Every university presumably provides a home for thought, but one of the Washington area’s premier institutions of higher education houses something more, and that is deepthought2.

Deepthought2, a new super-capable supercomputer, is owned and operated by the University of Maryland and it has made a splash in the world of fast calculation.

Last month it was ranked the 14th most powerful computer among all of those at American universities by a computer group that compiles a list of top-performing supercomputers.

A memo will go out Monday to the campus community that heralds the availability of the new cluster of computers, said Fran LoPresti, a top tech official at the College Park campus.

Deepthought2 is an array of computing equipment able to process 300 trillion operations every second, making it — in computer-speak — a 300 teraflop machine. That capacity is the equivalent of about 10,000 laptops working in concert, university officials said.

“People are very excited about it,” said Phyllis Dickerson Johnson, a university spokeswoman,

It has 2,000 times the storage of an average laptop and its internal network provides more than 50 times the speed of broadband.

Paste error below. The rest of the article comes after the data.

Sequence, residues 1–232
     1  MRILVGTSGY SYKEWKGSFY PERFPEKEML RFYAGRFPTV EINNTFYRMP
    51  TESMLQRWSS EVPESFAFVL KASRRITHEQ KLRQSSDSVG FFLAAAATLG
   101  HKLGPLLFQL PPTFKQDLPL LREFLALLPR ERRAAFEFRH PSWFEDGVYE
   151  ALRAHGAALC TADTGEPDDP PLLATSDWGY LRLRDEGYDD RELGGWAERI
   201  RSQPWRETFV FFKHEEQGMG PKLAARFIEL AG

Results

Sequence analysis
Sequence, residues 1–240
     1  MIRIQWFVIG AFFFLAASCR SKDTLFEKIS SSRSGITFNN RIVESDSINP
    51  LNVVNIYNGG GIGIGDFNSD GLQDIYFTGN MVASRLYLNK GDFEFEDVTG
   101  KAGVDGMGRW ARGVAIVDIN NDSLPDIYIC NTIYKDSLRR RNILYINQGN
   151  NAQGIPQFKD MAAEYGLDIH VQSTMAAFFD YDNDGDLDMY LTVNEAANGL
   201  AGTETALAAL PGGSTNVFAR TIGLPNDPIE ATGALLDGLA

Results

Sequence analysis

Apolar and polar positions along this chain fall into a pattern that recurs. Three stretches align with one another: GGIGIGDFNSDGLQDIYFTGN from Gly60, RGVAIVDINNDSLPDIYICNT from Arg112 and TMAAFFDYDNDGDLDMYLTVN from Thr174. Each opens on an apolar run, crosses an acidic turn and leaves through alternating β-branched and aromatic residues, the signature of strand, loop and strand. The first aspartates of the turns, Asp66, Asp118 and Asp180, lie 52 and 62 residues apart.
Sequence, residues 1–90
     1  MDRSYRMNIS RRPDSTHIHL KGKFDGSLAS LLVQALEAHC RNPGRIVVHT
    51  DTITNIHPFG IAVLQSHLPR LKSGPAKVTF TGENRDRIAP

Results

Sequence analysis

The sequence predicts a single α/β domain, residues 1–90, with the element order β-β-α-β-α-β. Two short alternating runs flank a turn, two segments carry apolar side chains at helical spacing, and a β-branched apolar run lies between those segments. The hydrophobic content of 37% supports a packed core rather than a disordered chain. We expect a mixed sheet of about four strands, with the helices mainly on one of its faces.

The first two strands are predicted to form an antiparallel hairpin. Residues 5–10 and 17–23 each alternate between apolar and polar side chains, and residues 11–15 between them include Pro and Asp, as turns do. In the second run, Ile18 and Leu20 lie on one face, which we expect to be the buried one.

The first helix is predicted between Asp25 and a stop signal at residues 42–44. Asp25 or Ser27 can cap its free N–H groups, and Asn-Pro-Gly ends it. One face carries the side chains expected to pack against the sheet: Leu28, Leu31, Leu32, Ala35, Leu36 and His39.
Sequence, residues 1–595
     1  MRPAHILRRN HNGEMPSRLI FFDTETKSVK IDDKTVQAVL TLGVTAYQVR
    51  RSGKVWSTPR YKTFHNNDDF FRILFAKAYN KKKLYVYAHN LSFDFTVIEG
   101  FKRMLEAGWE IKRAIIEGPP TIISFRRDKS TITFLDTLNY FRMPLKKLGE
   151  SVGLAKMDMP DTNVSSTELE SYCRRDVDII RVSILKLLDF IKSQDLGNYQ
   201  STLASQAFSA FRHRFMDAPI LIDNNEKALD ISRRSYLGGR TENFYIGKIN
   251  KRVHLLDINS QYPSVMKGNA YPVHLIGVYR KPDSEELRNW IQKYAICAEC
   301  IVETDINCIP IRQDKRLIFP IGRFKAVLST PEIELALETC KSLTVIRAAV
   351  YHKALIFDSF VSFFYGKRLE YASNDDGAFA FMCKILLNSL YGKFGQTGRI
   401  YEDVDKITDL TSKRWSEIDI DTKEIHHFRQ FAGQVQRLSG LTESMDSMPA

This prodigy of information processing is expected to push obstacles from the path of campus researchers, freeing them from the need to apply to access equivalent capacity elsewhere.

It is housed about two miles from the College Park campus, in the university’s research zone in Riverdale Park.

To LoPresti, the most important thing is that the $4.2 million cost was met by the university, without federal funding. “It’s a lot for a university to put together,” she said.

As for deepthought, the predecessor computer cluster, that will continue in operation, officials said.

And as for the name, bestowing such a sobriquet is part of the culture of the academic computing world. The particular handle was inspired by the book “A Hitchhikers Guide to the Galaxy,” LoPresti said.

The ranking was released last month by TOP500.rg, which makes a list of top computers twice a year. In the most recent listing, deepthought2 ranked 347th in the world.

“Having one of the world’s most powerful supercomputers” shows that the school aims to offer the capabilities needed for a dramatic boost to scientific discovery and exploration,” said Ann G. Wylie, interim vice president for information technology.